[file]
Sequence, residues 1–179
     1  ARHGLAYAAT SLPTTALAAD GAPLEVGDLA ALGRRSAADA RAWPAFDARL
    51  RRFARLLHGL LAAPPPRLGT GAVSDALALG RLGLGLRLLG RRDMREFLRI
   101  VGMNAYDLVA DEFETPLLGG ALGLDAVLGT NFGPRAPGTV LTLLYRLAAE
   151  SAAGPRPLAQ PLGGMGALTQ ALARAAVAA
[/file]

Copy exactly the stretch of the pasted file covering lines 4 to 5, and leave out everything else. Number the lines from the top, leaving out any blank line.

   101  VGMNAYDLVA DEFETPLLGG ALGLDAVLGT NFGPRAPGTV LTLLYRLAAE
   151  SAAGPRPLAQ PLGGMGALTQ ALARAAVAA